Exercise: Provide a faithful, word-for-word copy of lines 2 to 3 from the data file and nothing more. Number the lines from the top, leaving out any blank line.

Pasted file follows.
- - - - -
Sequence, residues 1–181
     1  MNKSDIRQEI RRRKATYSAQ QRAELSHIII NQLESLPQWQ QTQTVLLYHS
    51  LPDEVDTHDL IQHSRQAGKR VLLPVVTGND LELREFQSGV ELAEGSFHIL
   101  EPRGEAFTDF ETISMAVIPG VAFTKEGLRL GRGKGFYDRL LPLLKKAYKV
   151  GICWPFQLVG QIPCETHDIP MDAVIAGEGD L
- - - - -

     1  MNKSDIRQEI RRRKATYSAQ QRAELSHIII NQLESLPQWQ QTQTVLLYHS
    51  LPDEVDTHDL IQHSRQAGKR VLLPVVTGND LELREFQSGV ELAEGSFHIL